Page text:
Set in Stone: An Interview with Nick Jost of Baroness
On September 15, Baroness released a kraken of an album into the world. The Georgia-based metal band is back on tour with a bold, bombastic new record titled Stone. Since the last time SLUG spoke with Baroness in 2013, they have left behind years of color-themed album titles to find firm footing on a solid new foundation. I recently spoke with bassist Nick Jost about their brilliant new album, the current state of Baroness, the importance of indie record stores and playing Salt Lake City.
Stone is a beast of a record that contains multitudes of metal, dark folk, spoken word, math rock and prog rock. “Every record is a new beginning,” Jost explains. “We were going to make a record that was exciting to us no matter what, whether the colors were still happening or not. A new path felt heavy, felt important. I think ‘Stone’ is the perfect title.”
John Baizley is the sole remaining member of the original Baroness formed in 2003; lead guitarist Gina Gleason joined on their last album, Gold & Gray, while Jost and drummer Sebastian Thomson are seasoned vets. Stone marks the first time in years that the band has recorded an album with a consistent lineup. “It was interesting because we had more experience of all four of us playing and working on ideas at the same time,” Jost says. “With John and Gina, their vocals as a duo continue to grow.”
“There is so much variety and really, really cool shit happening in heavy music in general. I think it’s a great moment to be a metal fan.”
Baroness has never been a niche band or a peg in a hole. This isn’t always the case with heavy music—some fans find a genre and pour all their passion into it like a favorite football team. Jost says, “There is so much variety and really, really cool shit happening in heavy music in general. I think it’s a great moment to be a metal fan.” I pressed Jost further on how Baroness seems to transcend genres: “We’re four people that have very different opinions on music—opinions on how music should feel, the context we’d like our band to be in [and] the music we play. We get to take chances on doing something that feels new to us,” he says.
One thing that Baroness has committed to on this tour is visiting local indie music stores. “This relationship between bands and independent sellers is just crucial,” Jost told me. “It is a relationship [where] we really can’t survive without each other.” With hard media slowly disappearing, the physical element of consuming art is now more important than ever. “If you want to see a painting—I mean, yes, you can look at it online—but the experience of going to a museum or gallery [and] actually seeing the physical thing? You can’t replace that,” Jost says. He believes there is “something in our blood as humans to have that connection with material pieces of art.” Baroness will visit Graywhale Entertainment in Taylorsville for a free acoustic performance on November 9.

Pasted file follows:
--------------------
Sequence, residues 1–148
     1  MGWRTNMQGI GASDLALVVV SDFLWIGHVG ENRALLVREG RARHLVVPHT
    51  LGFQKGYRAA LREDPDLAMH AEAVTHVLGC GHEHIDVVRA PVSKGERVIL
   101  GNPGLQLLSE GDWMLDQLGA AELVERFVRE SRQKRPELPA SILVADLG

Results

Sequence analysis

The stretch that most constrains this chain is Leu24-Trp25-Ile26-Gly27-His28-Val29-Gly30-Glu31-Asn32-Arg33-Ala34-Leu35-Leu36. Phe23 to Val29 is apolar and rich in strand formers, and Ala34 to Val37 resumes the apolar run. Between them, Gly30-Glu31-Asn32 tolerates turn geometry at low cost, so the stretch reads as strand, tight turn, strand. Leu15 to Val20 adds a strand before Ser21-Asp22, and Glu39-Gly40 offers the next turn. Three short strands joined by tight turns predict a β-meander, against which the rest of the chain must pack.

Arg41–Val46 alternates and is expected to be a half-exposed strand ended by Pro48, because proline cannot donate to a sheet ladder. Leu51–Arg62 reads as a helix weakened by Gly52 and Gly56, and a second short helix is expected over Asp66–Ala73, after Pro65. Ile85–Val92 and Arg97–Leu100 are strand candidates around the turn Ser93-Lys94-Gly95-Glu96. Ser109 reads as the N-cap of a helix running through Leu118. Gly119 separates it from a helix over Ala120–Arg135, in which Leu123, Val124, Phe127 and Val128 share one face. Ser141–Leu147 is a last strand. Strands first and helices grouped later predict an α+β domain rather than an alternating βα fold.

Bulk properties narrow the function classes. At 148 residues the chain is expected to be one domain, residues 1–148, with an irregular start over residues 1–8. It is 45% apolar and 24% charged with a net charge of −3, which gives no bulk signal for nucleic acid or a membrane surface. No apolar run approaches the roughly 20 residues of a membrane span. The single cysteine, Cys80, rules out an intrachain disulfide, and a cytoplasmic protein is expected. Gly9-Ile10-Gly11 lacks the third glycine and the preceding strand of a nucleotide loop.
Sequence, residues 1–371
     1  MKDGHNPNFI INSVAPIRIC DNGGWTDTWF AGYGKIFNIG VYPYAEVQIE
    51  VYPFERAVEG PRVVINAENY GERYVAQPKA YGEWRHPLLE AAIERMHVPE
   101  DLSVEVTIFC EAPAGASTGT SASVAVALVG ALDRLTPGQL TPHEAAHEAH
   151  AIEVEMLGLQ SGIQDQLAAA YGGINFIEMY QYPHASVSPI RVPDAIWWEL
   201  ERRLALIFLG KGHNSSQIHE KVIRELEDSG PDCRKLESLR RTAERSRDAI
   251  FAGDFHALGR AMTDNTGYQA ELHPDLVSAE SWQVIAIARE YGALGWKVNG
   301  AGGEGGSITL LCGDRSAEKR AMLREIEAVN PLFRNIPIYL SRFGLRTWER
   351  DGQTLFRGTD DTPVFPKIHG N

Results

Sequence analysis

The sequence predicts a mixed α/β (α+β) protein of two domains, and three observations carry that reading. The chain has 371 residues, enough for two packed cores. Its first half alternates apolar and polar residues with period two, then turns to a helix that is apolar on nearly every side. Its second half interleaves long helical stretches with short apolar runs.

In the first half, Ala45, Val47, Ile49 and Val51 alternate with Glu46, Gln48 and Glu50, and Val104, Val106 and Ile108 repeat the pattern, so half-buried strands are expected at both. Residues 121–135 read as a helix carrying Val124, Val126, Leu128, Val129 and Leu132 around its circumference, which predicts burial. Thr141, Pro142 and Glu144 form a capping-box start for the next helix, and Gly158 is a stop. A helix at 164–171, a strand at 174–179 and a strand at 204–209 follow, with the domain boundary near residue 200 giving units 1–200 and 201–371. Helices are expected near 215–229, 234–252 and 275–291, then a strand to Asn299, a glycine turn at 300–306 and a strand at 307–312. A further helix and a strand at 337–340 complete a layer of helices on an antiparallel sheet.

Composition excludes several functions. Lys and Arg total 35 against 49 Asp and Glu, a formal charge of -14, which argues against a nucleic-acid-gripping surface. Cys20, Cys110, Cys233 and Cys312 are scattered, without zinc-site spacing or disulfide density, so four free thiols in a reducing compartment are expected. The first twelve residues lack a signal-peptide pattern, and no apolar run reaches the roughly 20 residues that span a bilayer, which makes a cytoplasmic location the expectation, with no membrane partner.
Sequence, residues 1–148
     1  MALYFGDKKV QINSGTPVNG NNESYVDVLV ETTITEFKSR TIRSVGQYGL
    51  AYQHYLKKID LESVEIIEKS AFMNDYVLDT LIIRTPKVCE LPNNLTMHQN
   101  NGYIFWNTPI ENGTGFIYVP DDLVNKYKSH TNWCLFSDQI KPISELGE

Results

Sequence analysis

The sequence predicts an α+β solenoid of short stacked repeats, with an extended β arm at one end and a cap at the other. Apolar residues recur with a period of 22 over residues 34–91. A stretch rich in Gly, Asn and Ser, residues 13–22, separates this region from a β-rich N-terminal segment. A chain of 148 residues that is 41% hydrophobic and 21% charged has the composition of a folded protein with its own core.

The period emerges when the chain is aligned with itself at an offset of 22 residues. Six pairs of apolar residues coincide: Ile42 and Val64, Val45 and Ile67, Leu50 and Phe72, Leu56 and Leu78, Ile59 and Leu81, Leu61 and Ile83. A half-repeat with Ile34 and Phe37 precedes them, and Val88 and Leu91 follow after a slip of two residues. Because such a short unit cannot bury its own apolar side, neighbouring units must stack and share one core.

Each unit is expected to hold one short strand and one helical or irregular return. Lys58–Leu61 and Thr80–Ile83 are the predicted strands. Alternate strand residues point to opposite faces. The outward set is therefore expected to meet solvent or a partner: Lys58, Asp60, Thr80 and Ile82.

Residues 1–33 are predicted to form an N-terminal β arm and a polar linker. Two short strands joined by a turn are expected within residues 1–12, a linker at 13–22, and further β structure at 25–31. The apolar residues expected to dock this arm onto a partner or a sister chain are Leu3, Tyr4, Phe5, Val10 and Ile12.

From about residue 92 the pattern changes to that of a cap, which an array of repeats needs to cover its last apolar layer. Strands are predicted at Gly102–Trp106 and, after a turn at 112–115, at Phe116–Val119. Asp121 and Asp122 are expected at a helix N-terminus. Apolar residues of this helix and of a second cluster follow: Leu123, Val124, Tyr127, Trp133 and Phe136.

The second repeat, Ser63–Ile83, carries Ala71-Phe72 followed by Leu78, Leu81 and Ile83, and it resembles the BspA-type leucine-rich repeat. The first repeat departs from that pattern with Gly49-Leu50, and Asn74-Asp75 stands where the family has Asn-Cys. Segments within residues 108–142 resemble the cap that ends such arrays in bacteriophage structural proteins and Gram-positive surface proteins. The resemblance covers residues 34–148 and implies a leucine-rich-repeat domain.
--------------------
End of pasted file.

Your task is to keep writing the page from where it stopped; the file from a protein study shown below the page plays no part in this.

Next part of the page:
“This relationship between bands and independent sellers is just crucial. It is a relationship [where] we really can’t survive without each other.”
Baroness has always been Salt Lake City–friendly. Jost says, “We’ve always had a good time in Salt Lake. [There’s] definitely an energy about it, a perfect party vibe that’s particular.” He goes on to explain, “It’s kind of a kickback from being in a conservative place. It breeds a particular energy when a rock ’n’ roll band comes through.” Apparently Salt Lake is not immune to rock ‘n’ roll cliches. Jost confesses, “My first show in SLC, a girl got naked and ran across the stage.” I promised Jost not to tell the folks at Temple Square, but I’m telling everyone else that the best place to worship rock ’n’ roll is at a Baroness show.
With Baizley’s deep, blistering lyrics and scorching vocals, matched with Gleason’s insane guitar playing, pedal exploration and unique soundscapes, held together by the best rhythm section in hard music composed of Jost and Thomson, Baroness will never go gentle into that good night. And thank God for that. Baroness will play The Depot on November 9. I encourage everyone to visit Graywhale and get to this show.
Read more interviews with national acts in the heavy music scene:
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From Doom Metal to Gothic Folk: An Interview with The Keening